The price tag for happiness? Millennials say it’s $525,000.


Some people think money can buy happiness.

Millennials say they need a $525,000 salary to achieve financial happiness, the highest among all generations, according to a recent Empower survey conducted by the Harris Poll.

Here are the yearly salaries Americans of different generations say they need to feel happy, according to the poll:

Millennials, the generation born roughly between 1981 and 1996, far outpace the other generations with their salary desires. Their desired salary is more than triple that of Gen X, which had the next highest salary needs of any group.

Millennials are also at the prime age for several major financial decisions, such as purchasing a home and having children, which could be related to their relatively higher salary demands for financial happiness. Respondents defined happiness in a variety of ways, including paying bills on time, living debt-free, affording everyday luxuries without worry and owning a home.

“Millennials are the generation of those who encountered the harsh reality of the American Dream myth,” Erika Rasure, financial wellness advisor at Beyond Finance told MarketWatch. “Those dwindled hopes of escaping debt are the aftermath of economic conditions that shaped their outlook as they came of age in the mid-2000s.”

Several obstacles have altered millennials’ views on financial happiness, she said.

“The Great Recession, the COVID-19 pandemic, rising student loan debt, lowered salaries, and the housing market have impacted how these Americans define safety,” Rasure said. “Happiness and protection for Millennials come in the form of cash to create the comfort and security they seek.”

Just how big is that $525,000 salary?

The median weekly earnings for a U.S. worker are $1,059, which would be $55,068 for the entire year, according to the Bureau of Labor Statistics. That means millennials, at least according to this survey, say they need nearly 10 times the median salary to achieve financial happiness — and other generations say they need more than double that median amount.

“Every generation has grappled with questions of how to calculate financial happiness: hard work, a lot of planning, consistent savings and even a little bit of luck, in just the right measures,” said Carol Waddell, the president of Empower Personal Wealth.

The survey, which was conducted from Aug. 7 to Aug. 14, included responses from 2,034 Americans over age 17 and had a margin of error of 2.9 percentage points.

Read more: It’s not just a stereotype: Gen Z really does ‘have a work ethic problem’

The survey also found that 71% of Americans believe that “having more money would solve most of my problems.” But money’s relationship with happiness is a complicated one, according to research over the years. Many studies have shown that money and happiness are correlated, but to what extent is still unknown.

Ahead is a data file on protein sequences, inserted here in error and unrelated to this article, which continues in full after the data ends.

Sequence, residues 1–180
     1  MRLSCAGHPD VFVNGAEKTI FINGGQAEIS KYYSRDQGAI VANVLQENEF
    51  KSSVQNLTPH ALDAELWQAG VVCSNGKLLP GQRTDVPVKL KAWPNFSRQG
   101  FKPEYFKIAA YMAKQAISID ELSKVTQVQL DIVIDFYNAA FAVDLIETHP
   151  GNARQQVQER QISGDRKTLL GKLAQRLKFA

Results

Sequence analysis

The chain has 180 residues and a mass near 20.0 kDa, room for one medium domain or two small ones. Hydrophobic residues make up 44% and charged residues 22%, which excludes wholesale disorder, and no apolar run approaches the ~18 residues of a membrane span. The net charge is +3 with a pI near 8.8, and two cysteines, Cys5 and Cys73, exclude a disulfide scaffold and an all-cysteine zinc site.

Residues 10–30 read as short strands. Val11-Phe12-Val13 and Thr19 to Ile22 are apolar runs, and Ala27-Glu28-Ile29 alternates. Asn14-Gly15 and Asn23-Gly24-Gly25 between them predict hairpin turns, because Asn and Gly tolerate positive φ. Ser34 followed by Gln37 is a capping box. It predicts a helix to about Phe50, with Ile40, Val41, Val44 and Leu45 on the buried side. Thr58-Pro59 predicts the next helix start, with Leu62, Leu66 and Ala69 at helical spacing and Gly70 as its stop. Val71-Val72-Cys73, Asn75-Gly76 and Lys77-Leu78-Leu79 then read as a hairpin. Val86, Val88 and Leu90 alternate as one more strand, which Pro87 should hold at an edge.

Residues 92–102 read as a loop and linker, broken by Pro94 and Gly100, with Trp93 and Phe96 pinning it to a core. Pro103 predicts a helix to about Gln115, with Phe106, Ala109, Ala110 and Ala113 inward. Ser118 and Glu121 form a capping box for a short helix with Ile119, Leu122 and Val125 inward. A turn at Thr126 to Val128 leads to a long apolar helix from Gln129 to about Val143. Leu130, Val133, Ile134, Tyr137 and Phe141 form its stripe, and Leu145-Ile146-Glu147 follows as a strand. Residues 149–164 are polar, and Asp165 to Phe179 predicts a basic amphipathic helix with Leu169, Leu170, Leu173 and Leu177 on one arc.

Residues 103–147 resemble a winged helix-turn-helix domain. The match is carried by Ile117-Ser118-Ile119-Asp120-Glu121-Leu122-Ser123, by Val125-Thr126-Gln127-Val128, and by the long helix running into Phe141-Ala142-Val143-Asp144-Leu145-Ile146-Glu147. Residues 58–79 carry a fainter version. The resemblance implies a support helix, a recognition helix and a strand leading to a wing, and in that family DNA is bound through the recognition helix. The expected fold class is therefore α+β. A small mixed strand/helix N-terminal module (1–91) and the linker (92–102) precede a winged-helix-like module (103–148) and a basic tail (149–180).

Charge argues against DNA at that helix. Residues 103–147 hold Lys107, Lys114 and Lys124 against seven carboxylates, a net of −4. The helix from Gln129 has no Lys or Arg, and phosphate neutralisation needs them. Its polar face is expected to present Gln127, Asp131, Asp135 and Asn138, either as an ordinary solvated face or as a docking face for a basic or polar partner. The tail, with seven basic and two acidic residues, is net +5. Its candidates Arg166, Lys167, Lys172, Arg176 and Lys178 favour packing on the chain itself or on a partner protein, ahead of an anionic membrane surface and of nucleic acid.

For example, a prominent 2010 study from psychologist Daniel Kahneman and economist Angus Deaton, both Nobel Prize winners at Princeton University, found that money only impacted emotional well-being up to an income of $75,000 a year. Subsequent research by University of Pennsylvania researcher Matthew Killingsworth, meanwhile, found a well-being boost even above $75,000.

Kahneman and Killingsworth joined forces this year with co-author Barbara Mellers to reanalyze the relationship in an “adversarial collaboration” — finding, in part, that “the flattening pattern exists but is restricted to the least happy 20% of the population.”

“In the simplest terms, this suggests that for most people larger incomes are associated with greater happiness,” Killingsworth said in a statement. “The exception is people who are financially well-off but unhappy. For instance, if you’re rich and miserable, more money won’t help. For everyone else, more money was associated with higher happiness to somewhat varying degrees.”

It’s worth noting that those studies examined the relationship between income and emotional well-being, while the Empower survey specifically measured financial happiness.

The survey comes at a confusing economic time for Americans of all generations. Interest rates remain high amid stubborn inflation, and unemployment remains low as the Federal Reserve attempts to achieve a much-discussed soft landing for the U.S. economy.

From the archives (2022): ‘Nobody wants to work anymore’ has been said for 100 years. It wasn’t true then, and it isn’t true now.

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